Zoom out, however, and the system showed its value down the ranks. Former first-round pick Adam Haseley arrived early and held his own in an outfield decimated by injuries. Double-A Reading produced the Eastern League’s best regular season with an 80-59 record and featured nine of Philadelphia’s top dozen performers. Here’s a look at all 12:
Phillies Organization All-Stars
Catcher — Deivy Grullon, Lehigh Valley (108 games), Philadelphia (four games): With J.T. Realmuto occupying the starting spot with the big league club, Grullon — the No. 19 Phillies prospect — used a career year in the International League and a September callup spent mostly in the bullpen to state his case for the backup role in 2020. With 21 homers, the 23-year-old tied Bohm for most in the system. His .851 OPS, 77 RBIs and 9.8 percent walk rate all set career bests. A strong start propelled Grullon — he hit .393 with 19 strikeouts in 17 games in April.
First baseman — Austin Listi, Reading (62 games), Lehigh Valley (71 games): The 26-year-old was named the Phillies’ Minor League Hitter of the Year in 2018 but posted a .702 OPS — more than 200 points lower than his .915 mark of last year — in 62 games with the Fightins to start this season. Listi, though, bumped his numbers up when he reached Triple-A for the first time. He left the yard 12 times in 259 at-bats and looked more like his old self with an .838 OPS. And his production for the year — 45 extra-base hits, 83 RBIs, 67 runs scored — nearly equaled that of his breakout 2018 totals of 63 runs, 44 extra-base hits and 84 RBIs.
Fightins hitting coach Tyler Henson said the discrepancy in Listi’s production had to do with his efforts to learn third base at Double-A. The promotion to Triple-A moved him back to first base and the comfort in the field translated at the plate.
“Once he moved up to Lehigh, he did a heck of a job with drawing walks, and I think we saw the guy that had such a good year in 2018,” Henson said.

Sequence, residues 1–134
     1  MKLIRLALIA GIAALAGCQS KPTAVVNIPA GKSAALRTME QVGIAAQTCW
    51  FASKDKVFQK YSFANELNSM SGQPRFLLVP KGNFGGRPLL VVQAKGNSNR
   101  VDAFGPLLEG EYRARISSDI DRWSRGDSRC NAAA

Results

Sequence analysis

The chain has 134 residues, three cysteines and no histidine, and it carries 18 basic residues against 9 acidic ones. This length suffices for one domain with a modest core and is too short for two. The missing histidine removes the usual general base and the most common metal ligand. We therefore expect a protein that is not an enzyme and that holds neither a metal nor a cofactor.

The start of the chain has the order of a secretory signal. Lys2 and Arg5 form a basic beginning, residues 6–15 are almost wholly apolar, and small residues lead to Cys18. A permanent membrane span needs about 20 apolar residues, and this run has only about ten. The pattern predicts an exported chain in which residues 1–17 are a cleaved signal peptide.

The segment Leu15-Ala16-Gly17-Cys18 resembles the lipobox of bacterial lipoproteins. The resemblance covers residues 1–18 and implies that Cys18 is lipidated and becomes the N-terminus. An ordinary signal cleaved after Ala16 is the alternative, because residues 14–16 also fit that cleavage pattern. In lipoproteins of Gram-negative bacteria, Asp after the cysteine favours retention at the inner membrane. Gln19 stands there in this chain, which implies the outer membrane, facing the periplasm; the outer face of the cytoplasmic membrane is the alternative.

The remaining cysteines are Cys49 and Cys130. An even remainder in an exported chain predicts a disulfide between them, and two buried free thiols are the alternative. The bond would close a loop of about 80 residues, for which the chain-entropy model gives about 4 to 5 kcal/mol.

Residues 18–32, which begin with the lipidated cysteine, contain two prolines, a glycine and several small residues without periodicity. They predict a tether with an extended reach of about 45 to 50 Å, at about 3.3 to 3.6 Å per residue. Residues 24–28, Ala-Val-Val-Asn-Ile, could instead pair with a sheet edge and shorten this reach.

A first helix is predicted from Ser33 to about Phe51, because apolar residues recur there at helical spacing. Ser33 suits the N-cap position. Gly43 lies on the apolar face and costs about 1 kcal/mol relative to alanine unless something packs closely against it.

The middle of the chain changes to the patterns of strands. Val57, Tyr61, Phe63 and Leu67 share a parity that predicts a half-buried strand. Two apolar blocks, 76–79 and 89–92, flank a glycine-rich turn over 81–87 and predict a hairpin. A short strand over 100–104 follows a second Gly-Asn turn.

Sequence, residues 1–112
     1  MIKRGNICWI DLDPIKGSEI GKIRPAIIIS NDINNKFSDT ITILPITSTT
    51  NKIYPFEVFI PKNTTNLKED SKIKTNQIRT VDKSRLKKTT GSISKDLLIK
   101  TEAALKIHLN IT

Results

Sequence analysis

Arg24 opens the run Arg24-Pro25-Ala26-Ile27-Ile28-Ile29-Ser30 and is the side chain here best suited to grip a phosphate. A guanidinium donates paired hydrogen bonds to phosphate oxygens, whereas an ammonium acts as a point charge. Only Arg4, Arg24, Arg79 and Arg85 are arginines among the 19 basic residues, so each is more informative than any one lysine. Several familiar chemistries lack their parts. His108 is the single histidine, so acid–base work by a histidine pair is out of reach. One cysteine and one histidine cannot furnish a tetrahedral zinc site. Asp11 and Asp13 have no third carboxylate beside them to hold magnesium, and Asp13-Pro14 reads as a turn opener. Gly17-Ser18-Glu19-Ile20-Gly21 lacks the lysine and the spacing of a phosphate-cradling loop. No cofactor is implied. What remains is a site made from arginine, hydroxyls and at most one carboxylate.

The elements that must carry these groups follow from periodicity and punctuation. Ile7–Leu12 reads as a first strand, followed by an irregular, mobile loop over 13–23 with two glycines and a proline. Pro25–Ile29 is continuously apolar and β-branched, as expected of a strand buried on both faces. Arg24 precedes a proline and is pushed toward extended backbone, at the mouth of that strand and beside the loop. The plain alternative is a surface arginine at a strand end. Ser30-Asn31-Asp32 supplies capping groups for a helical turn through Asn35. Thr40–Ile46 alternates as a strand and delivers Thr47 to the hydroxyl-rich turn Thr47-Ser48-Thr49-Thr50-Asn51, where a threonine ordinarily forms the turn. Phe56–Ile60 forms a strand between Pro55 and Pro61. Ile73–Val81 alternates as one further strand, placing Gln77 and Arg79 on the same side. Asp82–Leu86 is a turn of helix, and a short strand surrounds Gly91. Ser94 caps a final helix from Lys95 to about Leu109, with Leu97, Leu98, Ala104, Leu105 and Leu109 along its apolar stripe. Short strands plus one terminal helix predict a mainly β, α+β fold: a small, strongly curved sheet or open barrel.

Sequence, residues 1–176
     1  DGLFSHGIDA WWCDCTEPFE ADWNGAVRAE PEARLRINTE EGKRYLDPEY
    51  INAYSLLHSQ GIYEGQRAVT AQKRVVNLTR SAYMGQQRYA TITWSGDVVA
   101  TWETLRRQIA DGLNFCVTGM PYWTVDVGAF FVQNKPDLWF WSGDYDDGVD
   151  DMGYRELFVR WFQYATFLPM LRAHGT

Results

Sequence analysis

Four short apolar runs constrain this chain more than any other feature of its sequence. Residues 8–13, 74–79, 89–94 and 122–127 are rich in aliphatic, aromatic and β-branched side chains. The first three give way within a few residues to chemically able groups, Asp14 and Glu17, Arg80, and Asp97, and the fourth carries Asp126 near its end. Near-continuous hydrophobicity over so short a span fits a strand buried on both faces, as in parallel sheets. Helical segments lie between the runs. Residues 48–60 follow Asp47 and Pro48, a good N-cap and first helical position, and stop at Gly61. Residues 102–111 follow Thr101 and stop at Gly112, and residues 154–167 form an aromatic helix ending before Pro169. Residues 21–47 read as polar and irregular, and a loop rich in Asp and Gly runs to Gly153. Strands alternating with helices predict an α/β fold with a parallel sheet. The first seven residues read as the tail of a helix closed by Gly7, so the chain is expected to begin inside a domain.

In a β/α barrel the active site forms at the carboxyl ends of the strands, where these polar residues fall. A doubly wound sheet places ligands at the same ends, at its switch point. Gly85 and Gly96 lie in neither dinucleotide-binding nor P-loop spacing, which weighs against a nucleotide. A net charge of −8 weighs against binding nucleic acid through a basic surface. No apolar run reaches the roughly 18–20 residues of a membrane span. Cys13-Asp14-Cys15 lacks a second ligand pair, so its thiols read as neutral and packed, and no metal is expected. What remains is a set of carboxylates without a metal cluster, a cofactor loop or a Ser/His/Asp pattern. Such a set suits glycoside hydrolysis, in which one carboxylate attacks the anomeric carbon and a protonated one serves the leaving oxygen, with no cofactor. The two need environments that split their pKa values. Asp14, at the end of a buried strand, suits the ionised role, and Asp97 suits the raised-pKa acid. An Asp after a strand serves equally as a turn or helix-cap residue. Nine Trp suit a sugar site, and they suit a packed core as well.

Second baseman — Phil Gosselin, Lehigh Valley (78 games), Philadelphia (44 games): A native of the Philly suburbs, Gosselin signed a Minor League deal with Philadelphia and had some memorable moments for the big league club after an April 17 callup. But the 31-year-old spent most of the season as an IronPig, hitting .314 with a .901 OPS and 132 wRC+ to post his best numbers since 2014 with Gwinnett in the Braves system.
Third baseman — Alec Bohm, Lakewood (22 games), Clearwater (40 games), Reading (63 games): The third overall pick of the 2018 Draft lived up to expectations. MLB.com’s No. 34 overall prospect put up a 367/.441/.595 slash line for a month in the South Atlantic League, then dominated the Florida State League over the next seven weeks with an OPS north of .900. Upon arriving in the Eastern League on June 21, Bohm led the circuit in homers (14), RBIs (42) and total bases (119) through the end of the year. Altogether, his 160 wRC+ topped all Phillies Minor Leaguers. Of that group, none who totaled at least 250 plate appearances had a lower strikeout rate than Bohm, who Henson said can hit any pitch in any count.
“The most impressive thing to me … was just the presence he brings in a clubhouse, the presence he brings in a lineup, how much better the whole team gets when he’s in the lineup. You don’t see that that often,” the hitting coach said. “He’s going to be a special player, and I think that over time we’re all going to witness that.”
Shortstop — Nick Maton, Clearwater (93 games), Reading (21 games): The Phillies’ No. 14 prospect improved in several categories before getting his feet wet at Double-A over the final weeks of the season. His .276 average, .738 OPS and 11 stolen bases for the Threshers were career highs. The 22-year-old drew 50 walks between the two stops, good for sixth-most in the organization, while his 51 RBIs slotted ninth.
Maton, Henson said, is an aggressive hitter who will have to learn to avoid chasing as he climbs the system. But …
“Nick, he’s got some of the best hands I think I’ve ever seen out of a hitter,” Henson said. “They’re fast. They’re strong. He can snatch a ball and hit it out pull-side with ease. And he plays really good defense. I’m anxious to see this next year and watch his growth.”
Josh Stephen, Reading (113 games): Stephen spent 2018 at Class A Lakewood but didn’t really fit in the picture at Clearwater to begin this year. As the higher-ups mulled his placement, Stephen’s greatest strength supplied the answer.
“He handles the fastball better than probably 90 percent of people in baseball,” Henson said. “He doesn’t swing and miss. He doesn’t foul them off. His percentage of putting the ball in play and put it in play at a pretty good exit velo on the fastball stood out.”
The result was the best offensive year yet for the 2016 11th-round pick. Stephen’s .483 slugging percentage ranked third among non-complex hitters in the system, while his 47 extra-base hits were fourth. He added nearly 200 points to his OPS from the year before, finishing with an .826 mark to go with a 140 wRC+ — fifth-best among Phillies Minor Leaguers.